CPI came in in-line with expectations. The headline figure was 0.4% while the CPI less food and energy came in at 0.1%. These are relatively benign figures. There are no serious signs of deflation and inflation isn’t running wild. Not too hot and not too cold. A Goldilocks figure in case you’re a Kudlow fan. Unfortunately for those of us who are growing increasingly concerned about the perpetual boom bust cycle created by easy money, this only throws fuel on the fire. Bernanke is now in the exact position he wants to be – wait and see mode. That means the fire can rage while the Fed chief twiddles his thumbs. Much like he did when he kept rates too high in 2007 and much like Greenspan did in 2003 when he kept rates too low. If the global economy begins to take off as it did in 2003 we are almost certain to see a repeat of the boom portion of the cycle in the coming years. Of course, the likelihood of a following bust is high….Econoday has some thoughts on the data:
Several factors kept the core rate soft. The cash-for-clunkers tax credits helped push prices for new vehicles down by 1.3 percent. Apparel slipped 0.1 percent. Shelter costs were sluggish, including owners’ equivalent rent rising only 0.1 percent. The recession has kept rents soft which also impact owners’ equivalent rent which is based on actual rent for owner-type houses. On the upside, prescription drugs increased 0.6 percent and airline fares jumped 1.7 percent.
Year-on-year, headline inflation rose to minus 1.4 (seasonally adjusted) from down 1.9 percent in July. The core rate eased to up 1.5 percent in July from up 1.6 percent the previous month. On an unadjusted year-ago basis, the headline number was down 1.5 percent in August while the core was up 1.4 percent.
Outside of energy, consumer price inflation is subdued, leaving the Fed flexibility for when to start unwinding its balance sheet expansion. Given that the August numbers matched expectations, there should be little market reaction today. But the higher energy costs serve as a reminder that when recovery strengthens, oil prices and headline inflation are likely headed up. Bond traders should take note.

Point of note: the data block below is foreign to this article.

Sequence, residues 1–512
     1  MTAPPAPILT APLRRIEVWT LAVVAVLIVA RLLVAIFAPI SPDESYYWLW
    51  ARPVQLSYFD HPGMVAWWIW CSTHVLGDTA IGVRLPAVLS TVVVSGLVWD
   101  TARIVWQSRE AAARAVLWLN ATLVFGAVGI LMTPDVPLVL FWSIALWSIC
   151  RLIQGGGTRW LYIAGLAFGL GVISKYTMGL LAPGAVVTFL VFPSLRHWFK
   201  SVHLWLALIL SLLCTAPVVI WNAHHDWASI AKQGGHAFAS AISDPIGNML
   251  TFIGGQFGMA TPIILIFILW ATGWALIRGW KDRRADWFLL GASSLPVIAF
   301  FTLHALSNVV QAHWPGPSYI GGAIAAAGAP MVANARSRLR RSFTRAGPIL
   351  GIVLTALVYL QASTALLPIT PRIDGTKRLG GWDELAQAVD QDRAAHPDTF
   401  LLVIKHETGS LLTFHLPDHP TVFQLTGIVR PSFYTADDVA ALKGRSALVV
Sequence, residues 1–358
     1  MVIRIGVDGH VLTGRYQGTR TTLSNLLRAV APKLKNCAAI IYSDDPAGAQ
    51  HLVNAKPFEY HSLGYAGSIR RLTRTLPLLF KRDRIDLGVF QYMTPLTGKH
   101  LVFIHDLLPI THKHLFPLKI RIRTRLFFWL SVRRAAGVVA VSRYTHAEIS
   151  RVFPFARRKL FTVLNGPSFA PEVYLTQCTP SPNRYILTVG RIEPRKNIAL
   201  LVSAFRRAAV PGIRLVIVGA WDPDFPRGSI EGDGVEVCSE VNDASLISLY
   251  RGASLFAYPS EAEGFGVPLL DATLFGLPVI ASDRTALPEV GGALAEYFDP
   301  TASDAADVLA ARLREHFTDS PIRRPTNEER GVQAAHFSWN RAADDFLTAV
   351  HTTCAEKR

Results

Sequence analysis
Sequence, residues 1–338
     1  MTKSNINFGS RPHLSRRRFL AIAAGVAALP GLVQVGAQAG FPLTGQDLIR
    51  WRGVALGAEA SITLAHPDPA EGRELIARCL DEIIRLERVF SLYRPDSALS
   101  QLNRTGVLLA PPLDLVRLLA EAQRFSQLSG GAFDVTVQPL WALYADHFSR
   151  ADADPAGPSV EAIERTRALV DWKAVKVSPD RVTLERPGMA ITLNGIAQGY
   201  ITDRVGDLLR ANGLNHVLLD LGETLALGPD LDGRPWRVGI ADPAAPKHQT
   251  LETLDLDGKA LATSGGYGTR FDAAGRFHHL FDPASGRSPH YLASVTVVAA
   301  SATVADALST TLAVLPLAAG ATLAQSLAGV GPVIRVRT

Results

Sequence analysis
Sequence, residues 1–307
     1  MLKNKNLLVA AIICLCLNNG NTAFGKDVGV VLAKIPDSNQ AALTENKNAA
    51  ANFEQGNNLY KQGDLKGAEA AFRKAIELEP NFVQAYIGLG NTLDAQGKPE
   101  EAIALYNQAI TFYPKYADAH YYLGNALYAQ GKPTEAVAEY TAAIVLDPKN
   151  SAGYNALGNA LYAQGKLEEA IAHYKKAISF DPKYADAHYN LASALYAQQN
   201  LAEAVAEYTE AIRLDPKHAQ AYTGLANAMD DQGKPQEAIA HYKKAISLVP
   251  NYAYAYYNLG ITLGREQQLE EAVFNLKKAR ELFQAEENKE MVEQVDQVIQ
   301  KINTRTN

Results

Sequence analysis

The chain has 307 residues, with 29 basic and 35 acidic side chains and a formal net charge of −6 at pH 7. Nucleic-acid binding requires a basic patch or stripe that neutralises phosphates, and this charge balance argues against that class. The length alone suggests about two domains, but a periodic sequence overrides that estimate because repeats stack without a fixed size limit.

In other news. industrial production came in better than expected at 69.6%. This continues the positive trend in manufacturing that we’ve been seeing since July. Econday reports:
In August, industrial production posted another large gain, making more believers that the recession is over-especially for manufacturing. And it was not just rebuilding auto inventories after the cash-for-clunkers boost in sales. Also, a large upward revision to July also means that we may have to reconsider that the recovery began as early as July. Overall industrial production in August increased a hefty 0.8 percent, following a revised 1.0 percent boost in July. The advance in the latest month came in above the market projection for a 0.7 percent increase. July’s revision was substantially higher than the original estimate of a 0.5 percent increase. For the latest month, the manufacturing component rose 0.6 percent after surging 1.4 percent in July. For August, utilities rebounded 1.9 percent while mining output advanced 0.5 percent.
All in all another set of positive news. The rally continues….